Although it may seem contradictory, buyers aged 15-20, who indicated that they exercise only basic caution regarding data protection, are the least willing to share their data in exchange for shopping discounts. 1/3 of the respondents stated that they wouldn’t disclose their personal information with any app, influencer, retail network, bank or smartphone manufacturer, even for a 50% discount on a chosen product.
Interestingly, financial institutions and smartphone manufacturers don’t enjoy the same level of trust as m-commerce mobile apps. Almost 40% of those aged 26-35 are willing to share personal data with apps in exchange for discounts, whereas only half of them would do the same with their banks.
What about influencer marketing? Only 7% of the respondents aged 31-35 would share personal data with an influencer they follow. This means that investing in the development of intuitive and user-friendly applications can yield greater returns than putting all eggs in the influencer marketing basket. Young people are more conscious than many companies think, they don’t trust omnipresent and ever-present influencers anymore. Instead, they go for solutions that are seamless and delightful to engage with.
Data is one of the most valuable assets for any business, enabling it to build a competitive edge and loyalize consumers. However, there's a flip side to the coin. The relationship with buyers should be a two-way street. Loyalty can't be expected if a business offers only one-time benefits, doesn’t provide convenient interactions with the brand or misuses data.
M-commerce companies should act decently and prioritize user well-being by embracing appropriate design standards. Some countries are already moving the needle in the right direction. They have implemented or are planning to implement suitable regulations to protect users from the so-called “privacy washing”, meaning deceptive tactics that create an illusion of privacy consciousness while potentially falling short of delivering adequate protections.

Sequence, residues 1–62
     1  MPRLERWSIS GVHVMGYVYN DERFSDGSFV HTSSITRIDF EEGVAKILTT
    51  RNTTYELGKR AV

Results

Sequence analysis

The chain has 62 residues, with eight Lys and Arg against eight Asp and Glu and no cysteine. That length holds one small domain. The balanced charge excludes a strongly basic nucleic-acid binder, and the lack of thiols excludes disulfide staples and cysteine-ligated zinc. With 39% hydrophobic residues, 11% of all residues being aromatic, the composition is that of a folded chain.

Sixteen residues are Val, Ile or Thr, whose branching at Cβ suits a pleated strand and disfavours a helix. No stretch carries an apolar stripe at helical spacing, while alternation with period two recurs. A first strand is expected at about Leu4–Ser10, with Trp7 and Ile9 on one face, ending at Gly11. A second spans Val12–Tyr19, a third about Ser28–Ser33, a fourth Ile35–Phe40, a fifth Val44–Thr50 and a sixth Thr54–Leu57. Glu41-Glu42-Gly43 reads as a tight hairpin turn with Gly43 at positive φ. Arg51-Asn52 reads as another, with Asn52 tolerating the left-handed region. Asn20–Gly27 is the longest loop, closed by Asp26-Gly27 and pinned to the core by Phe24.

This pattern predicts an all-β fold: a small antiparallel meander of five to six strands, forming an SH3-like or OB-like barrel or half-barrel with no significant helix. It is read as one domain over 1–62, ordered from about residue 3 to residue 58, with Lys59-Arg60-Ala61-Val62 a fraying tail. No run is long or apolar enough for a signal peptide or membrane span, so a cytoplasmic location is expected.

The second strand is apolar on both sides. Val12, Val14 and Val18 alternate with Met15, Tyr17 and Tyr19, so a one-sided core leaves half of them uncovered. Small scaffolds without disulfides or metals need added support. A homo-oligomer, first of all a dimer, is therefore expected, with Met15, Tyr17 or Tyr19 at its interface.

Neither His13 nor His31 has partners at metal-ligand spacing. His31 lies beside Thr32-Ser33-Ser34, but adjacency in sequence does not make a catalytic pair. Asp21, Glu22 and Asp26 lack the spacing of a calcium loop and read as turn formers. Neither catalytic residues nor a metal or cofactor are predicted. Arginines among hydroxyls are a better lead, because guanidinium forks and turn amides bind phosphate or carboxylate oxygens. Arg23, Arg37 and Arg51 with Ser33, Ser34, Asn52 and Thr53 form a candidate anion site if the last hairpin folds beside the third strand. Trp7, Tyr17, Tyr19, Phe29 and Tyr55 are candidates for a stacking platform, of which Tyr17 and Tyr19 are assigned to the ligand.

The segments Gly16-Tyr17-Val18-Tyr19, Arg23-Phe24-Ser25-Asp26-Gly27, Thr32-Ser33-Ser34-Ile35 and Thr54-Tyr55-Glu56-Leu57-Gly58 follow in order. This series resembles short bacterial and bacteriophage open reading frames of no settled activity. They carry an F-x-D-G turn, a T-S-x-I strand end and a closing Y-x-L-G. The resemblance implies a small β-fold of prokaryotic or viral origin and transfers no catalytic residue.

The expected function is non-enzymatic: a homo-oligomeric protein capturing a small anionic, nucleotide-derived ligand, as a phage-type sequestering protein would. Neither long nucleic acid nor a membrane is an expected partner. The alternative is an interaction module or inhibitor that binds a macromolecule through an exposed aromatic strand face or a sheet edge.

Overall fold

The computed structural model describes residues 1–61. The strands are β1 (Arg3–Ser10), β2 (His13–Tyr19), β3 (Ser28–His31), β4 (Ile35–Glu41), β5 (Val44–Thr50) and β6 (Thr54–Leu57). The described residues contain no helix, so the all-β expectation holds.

In 2018, the UK implemented the Age Appropriate Design Code, which includes 15 standards of application, game, service, and other internet-connected device design. The goal is to ensure privacy and security for end-users.
Meanwhile, in California, on July 1st 2024, the Age-Appropriate Design Code Act will come into effect, applicable to any entity creating products and services accessible to children under the age of 18. Based on it, entities producing digital products will have to:
Data privacy issues are becoming increasingly significant – in 2022, companies in the US increased their privacy budgets by an average of 13% (source: Cisco). The standards imposed on global players will undoubtedly have a profound impact on the entire industry.
Up to 90% of consumers wouldn’t buy from an organization that doesn't safeguard their data (source: Cisco) So, just because young users show only basic caution regarding data protection, it doesn't mean that if they knew the companies whose software they use don't provide adequate protection, they wouldn't abandon their services or products.
Prioritizing app usability, customer experience, price competitiveness, and personalization won’t suffice anymore. Transparent data privacy policies and efforts are also essential. It's not only about physically protecting data, it's also about being mindful of the types of data collected and ensuring ethical use of the information, with users' well-being as the primary focus over mere business objectives.
Companies that invest in protecting consumers' privacy not only meet the expectations of digital natives but also stand to gain nearly double the returns on their financial investments. Focusing on data privacy protection makes businesses more mature, innovative, and attractive to investors, so it’s worth addressing this aspect right from the early stages of digital product development.